Tempered Gratitude and Peace, llvl

It is good that there is a day in our lives when we say thank you. It’d be grand if we did this more frequently. And as so many of us say, there’s family, there are friends, there’s food (and some would add there’s football) what’s not to like about this holiday? I’m really looking forward to time with my nephew and his wife, visits to friends and a whole weekend that continues the celebration. Big bonus: I get to spend much of the weekend with my husband, which is not what we always get. I’m a happy and a lucky woman. While there are faces I miss at the table, I have family and friends I love and who love me in return. I have a job I have waited and prepared a lifetime to do, and I have you and a place to say what I think and feel and believe. Huge thanksgiving. Joy that races between quiet and explosive!

However, some people don’t have those luxuries. Even if they have food, they may not have family. Some are missing both comfort and sustenance. Somehow this day feels like another reminder of their loneliness. When we can, we should help here.

This year, I think it’s incumbent upon us to remember that the gratitude that is tied up in so many of our minds with a thankfulness for this country must be balanced by the realization how many people are excluded from the American Dream. And more than excluded, threatened. There’s been a lot of writing lately about how this current uproar in Ferguson is less about Blacks’ demanding visibility than it is about white outrage (again with the outrage) that society is changing and, in fact, there must be, even will be, parity. Black lives do matter. And so our gratitude must be tempered with awareness. And our gratitude must be the fuel for making a difference.

Our hearts must be both sorrowful and grateful. We’re plenty complex enough to hold that tension. Today let us feast. Tomorrow let us eat leftovers and consider how we might help. Celebration and action, longtime friends of Peace.


What Peace Requires, llvl

Oh, it was a challenging evening. I went to see the film The Honor Diaries, which takes a relentless look at the notion of “honor” in tribal societies and the ways women (women’s bodies) pay the price for a family’s honor.  It looked at honor violence, women being beaten, raped, disfigured; honor killings; and Female Genital Mutilation. I was in a hall filled with young women at a local college (and why weren’t young men required to be there?).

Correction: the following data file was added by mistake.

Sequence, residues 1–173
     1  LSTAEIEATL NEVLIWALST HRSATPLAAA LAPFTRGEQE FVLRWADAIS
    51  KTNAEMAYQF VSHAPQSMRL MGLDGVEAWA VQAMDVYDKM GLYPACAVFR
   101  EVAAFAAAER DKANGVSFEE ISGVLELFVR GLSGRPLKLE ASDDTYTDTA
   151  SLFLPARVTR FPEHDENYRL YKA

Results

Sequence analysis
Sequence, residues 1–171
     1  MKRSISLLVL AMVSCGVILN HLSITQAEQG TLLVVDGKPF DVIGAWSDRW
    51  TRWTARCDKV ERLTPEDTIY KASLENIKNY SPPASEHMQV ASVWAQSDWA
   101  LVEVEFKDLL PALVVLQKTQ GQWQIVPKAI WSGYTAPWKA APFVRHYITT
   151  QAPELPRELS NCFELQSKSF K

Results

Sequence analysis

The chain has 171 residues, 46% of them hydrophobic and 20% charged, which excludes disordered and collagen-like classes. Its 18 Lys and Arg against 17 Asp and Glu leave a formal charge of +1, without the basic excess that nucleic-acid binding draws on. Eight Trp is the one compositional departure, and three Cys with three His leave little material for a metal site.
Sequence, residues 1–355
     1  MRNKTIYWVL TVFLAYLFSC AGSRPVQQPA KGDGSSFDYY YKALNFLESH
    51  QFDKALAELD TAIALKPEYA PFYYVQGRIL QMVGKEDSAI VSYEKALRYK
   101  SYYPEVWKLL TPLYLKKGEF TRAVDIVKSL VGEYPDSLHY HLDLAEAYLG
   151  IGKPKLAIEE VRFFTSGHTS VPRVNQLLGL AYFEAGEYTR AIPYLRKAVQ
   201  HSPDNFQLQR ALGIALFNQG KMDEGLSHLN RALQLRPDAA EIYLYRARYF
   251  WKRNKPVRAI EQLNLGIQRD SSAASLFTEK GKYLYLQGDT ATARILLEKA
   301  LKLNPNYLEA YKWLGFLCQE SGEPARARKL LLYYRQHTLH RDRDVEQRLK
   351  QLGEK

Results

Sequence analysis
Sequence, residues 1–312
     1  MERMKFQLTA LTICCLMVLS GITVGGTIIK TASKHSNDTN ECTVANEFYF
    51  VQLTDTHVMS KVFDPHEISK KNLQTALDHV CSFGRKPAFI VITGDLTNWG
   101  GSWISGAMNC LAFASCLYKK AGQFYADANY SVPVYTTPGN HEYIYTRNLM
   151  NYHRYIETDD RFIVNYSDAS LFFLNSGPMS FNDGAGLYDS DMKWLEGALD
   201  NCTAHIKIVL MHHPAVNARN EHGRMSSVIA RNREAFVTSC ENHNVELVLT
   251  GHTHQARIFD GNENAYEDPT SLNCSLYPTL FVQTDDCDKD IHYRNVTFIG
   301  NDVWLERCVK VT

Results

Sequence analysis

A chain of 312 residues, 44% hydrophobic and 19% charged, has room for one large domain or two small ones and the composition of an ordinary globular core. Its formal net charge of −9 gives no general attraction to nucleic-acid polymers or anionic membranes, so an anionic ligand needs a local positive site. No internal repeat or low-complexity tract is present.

At the end of the film, which was attended by one of the women who was in the film’s roundtable, there was a Q&A. Part of the discussion about the film beforehand had been whether it was Islamaphobic. The speaker, a Muslim, is very clear, as are most of the women in the film, that they are working on civil rights, not (yet) on Reformation of Islam.

What is true is that many of the people there had to struggle with the notion that this was other… other than us. The violence in these countries is extreme and horrific. But it is supported by our lack of connection to people we understand to be completely different from us.

All that day, I’d been struggling with evidence of diminishing rights here in the states. Lack of access to birth control and abortion, rising rapes, death threats to young women taking what some men perceive as ‘their’ power. Comparable violence? No. but on the continuum? yes. And I believe the lack of focus on these problems is rooted in the same dismissal of women’s value. In those countries women are seen as having half the worth of a man. Here, at least financially, we’re pretty clear that we’re 78%. But any diminution of human value allows such atrocities to continue.

Women need to see this connection and be outraged. So do our Brothers, Fathers, Husbands, Friends.

So what does Peace need? The awareness that there is no Peace (and that we’re part of the problem). Justice. And a flat out commitment to bringing Peace through addressing (stopping!) the injustices.

It’s all very complicated. and so what?